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Thousands Protest In Tbilisi After Parliament Rejects Electoral Reform

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Demonstrators gather at the Georgian parliament building in Tbilisi on the evening of November 14.
Demonstrators gather at the Georgian parliament building in Tbilisi on the evening of November 14.

TBILISI -- Thousands of people are protesting in the center of the Georgian capital to vent their anger over the parliament’s rejection of an electoral reform that was demanded by protesters this summer.

The constitutional amendment on the transition to a proportional electoral system was rejected in its first reading on November 14 as the number of supporting votes failed to reach the required minimum of 113.

Crowds of opposition supporters and activists later gathered outside the parliament building in Tbilisi and blocked traffic on the city's main thoroughfare, calling for the government's resignation and snap parliamentary elections.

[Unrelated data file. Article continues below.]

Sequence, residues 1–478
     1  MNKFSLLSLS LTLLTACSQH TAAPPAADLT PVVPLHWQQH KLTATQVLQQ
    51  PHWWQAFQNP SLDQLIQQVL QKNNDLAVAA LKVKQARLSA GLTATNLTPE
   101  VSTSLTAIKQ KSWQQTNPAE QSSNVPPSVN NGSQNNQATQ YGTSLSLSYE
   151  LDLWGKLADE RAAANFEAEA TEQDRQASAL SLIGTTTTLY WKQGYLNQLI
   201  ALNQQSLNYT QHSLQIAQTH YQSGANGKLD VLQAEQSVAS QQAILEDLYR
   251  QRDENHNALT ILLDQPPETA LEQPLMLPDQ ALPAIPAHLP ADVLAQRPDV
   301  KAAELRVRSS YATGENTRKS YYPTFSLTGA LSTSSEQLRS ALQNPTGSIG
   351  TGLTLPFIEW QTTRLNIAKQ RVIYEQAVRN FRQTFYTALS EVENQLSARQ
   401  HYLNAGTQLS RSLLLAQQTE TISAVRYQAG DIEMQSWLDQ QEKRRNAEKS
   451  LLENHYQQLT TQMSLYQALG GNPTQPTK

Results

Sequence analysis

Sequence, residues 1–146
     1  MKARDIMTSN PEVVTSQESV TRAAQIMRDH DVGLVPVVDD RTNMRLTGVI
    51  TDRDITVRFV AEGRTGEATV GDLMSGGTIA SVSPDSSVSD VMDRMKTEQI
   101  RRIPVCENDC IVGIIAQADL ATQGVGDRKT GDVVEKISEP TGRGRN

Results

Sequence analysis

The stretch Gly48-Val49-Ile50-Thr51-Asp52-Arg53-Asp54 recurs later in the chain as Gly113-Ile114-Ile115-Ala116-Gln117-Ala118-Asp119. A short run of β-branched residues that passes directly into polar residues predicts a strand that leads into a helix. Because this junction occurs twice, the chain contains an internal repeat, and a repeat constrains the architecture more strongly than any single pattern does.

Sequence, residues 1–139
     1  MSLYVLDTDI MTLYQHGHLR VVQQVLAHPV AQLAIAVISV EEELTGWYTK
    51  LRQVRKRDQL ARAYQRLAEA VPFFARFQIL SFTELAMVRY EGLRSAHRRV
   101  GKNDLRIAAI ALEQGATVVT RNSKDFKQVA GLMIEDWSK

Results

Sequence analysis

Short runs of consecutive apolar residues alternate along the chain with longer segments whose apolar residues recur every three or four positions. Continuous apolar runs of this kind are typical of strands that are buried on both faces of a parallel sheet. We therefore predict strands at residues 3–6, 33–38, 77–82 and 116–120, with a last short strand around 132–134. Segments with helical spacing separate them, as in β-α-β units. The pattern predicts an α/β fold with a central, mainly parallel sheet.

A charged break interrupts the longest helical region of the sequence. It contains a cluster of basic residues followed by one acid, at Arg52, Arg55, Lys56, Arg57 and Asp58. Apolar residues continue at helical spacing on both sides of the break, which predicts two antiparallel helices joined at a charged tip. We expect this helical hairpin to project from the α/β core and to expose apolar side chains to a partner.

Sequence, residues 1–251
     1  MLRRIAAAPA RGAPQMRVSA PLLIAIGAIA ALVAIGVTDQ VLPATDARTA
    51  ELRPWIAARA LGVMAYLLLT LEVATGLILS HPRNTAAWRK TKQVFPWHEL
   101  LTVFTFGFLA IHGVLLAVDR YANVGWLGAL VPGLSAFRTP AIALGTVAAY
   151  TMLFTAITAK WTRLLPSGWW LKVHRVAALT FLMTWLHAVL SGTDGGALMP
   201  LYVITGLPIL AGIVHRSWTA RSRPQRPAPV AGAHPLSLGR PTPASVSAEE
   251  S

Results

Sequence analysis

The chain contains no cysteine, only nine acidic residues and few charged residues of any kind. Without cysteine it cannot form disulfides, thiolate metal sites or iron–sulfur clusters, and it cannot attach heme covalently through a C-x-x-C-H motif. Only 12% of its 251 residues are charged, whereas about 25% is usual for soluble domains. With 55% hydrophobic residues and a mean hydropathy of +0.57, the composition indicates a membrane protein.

Changing the electoral system from a mixed system to a proportional one from 2020 was one of the demands of thousands of demonstrators who rallied for weeks in Tbilisi in June and July.

More than 240 people were injured when riot police officers fired rubber bullets and water cannons to turn back an angry crowd that was trying to storm the parliament.

The leader of the Georgian Dream party, tycoon Bidzina Ivanishvili, had announced the party's readiness to reform the electoral regulations.

But only 101 lawmakers voted for the bill, while the text needed at least 113 votes to pass.

Deputies blasted sirens at their rivals in a show of opposition after the chamber failed to pass the amendment.

Sirens Blare In Georgian Parliament After Key Opposition Demand Is Rejected
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The parliament speaker, Archil Talakvadze, said after the session that the 2020 parliamentary elections will be held under a mixed system.

Members of Georgia's parliamentary majority, including Deputy Speaker Tamar Khangoshvili, who voted for the bill, resigned from the ruling Georgian Dream coalition, while other parliamentary parties called for street protests.

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